KUALA LUMPUR (Dec 14): Home Minister Datuk Seri Saifuddin Nasution Ismail said today that he wants to resolve the citizenship issue faced by the overseas-born children of Malaysian mothers.
However, the number of people who are affected by the matter remains low, he said on Radio Television Malaysia’s (RTM) Naratif Khas programme tonight.
“I believe this is one of my early areas of focus once the briefing sessions have ended, to persevere and bring forward a recommendation for a way out so that this issue does not happen again,” he said.
On the one hand, he said that the law is clear: dual citizenship is not recognised in Malaysia and citizenship is not automatically granted to the overseas-born children of Malaysian mothers but must be requested.
On the other hand, the broader prism of humanity must also be considered, he added.
He then said any constitutional amendment on citizenship matters requires assent from the Conference of Rulers in line with the Federal Constitution’s Article 159(5).
Saifuddin Nasution also touched on the stateless in East Malaysia, saying that the issue has existed for a long time but has yet to be solved.
This is despite many initiatives that aimed to tackle the issue, which he said shows that it required further examination.
“If we do not sort it out within the perspective and scope of the law, it has the potential of becoming a bigger problem with no solution,” he said.
He also expressed a desire to examine the problem in more detail so that he can come up with a solution for it as quickly as possible.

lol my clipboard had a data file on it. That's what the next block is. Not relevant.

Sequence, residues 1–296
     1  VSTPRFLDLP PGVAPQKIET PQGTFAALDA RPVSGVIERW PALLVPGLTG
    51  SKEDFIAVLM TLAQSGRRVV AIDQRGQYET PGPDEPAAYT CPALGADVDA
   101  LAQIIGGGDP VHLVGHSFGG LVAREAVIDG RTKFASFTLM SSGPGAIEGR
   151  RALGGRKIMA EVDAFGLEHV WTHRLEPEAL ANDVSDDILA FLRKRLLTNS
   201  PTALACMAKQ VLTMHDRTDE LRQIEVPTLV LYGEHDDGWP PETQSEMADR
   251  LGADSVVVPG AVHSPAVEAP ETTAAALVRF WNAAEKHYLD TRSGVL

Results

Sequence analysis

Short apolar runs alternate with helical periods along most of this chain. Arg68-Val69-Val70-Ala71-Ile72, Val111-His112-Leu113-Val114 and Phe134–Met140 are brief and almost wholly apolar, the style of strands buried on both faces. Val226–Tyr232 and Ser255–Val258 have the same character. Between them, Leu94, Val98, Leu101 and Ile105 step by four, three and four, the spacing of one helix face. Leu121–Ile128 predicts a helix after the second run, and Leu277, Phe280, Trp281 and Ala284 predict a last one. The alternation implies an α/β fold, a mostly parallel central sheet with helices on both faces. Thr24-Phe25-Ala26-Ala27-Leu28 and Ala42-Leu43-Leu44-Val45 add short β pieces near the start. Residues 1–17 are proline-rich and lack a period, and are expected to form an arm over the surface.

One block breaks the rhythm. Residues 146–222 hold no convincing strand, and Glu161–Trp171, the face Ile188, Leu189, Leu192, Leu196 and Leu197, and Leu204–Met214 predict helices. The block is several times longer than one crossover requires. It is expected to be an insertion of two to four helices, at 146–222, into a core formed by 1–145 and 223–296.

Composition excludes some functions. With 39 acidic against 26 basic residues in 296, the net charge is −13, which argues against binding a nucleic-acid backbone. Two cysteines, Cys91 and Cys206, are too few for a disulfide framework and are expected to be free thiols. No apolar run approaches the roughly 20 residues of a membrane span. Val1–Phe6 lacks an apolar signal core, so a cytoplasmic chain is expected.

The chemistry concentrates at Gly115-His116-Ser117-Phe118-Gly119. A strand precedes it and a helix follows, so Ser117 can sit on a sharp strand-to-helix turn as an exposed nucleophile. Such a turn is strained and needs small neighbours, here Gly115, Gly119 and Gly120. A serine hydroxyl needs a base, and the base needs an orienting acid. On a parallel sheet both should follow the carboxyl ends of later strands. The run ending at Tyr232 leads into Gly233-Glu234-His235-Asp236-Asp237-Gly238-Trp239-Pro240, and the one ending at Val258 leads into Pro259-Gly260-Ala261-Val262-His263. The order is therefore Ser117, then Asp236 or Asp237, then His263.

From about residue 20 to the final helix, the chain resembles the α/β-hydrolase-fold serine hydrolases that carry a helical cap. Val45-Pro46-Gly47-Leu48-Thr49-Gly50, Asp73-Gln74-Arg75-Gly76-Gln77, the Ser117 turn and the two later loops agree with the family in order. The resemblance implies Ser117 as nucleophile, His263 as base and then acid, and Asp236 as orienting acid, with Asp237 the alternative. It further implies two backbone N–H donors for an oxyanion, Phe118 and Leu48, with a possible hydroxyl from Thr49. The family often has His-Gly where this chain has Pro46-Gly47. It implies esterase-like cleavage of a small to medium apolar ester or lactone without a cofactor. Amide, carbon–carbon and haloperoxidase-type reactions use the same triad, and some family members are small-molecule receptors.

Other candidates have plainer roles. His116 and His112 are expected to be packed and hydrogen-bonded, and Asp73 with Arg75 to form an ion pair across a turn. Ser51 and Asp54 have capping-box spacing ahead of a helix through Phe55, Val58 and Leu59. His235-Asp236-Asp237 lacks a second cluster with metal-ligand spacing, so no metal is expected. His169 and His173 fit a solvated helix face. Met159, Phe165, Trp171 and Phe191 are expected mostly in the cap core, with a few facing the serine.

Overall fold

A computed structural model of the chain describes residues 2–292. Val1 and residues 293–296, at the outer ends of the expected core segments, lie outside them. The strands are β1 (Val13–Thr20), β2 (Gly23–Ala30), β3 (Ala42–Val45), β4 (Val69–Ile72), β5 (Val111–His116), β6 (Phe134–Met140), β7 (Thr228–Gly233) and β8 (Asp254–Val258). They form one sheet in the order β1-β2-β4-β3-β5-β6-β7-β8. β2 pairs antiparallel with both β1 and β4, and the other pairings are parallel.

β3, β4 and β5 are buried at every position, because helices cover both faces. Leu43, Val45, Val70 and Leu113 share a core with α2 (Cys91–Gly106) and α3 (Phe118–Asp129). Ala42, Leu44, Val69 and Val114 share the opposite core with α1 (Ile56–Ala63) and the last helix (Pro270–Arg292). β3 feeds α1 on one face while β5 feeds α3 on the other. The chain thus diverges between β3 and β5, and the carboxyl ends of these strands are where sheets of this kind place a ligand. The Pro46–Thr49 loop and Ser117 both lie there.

Although Malaysian men have the automatic right to confer citizenship to their children born abroad through the simple process of registration under Article 14(1)(b) of the Federal Constitution, Malaysian women who give birth abroad must apply for Malaysian citizenship under Article 15(2) of the Federal Constitution.
It is then up to the Malaysian government to decide whether to register any person ― aged below 21 and who has at least one Malaysian parent ― as a Malaysian citizen under Article 15(2).
Others born in the country and deemed stateless are told they can apply for citizenship using a special pathway under Article 15A of the Federal Constitution which provides for the federal government’s special powers, where it can register anyone below the age of 21 as citizen in “special circumstances as it thinks fit”.
However, this is a race against time due to the deadline being fixed at 21 years of age. – Malay Mail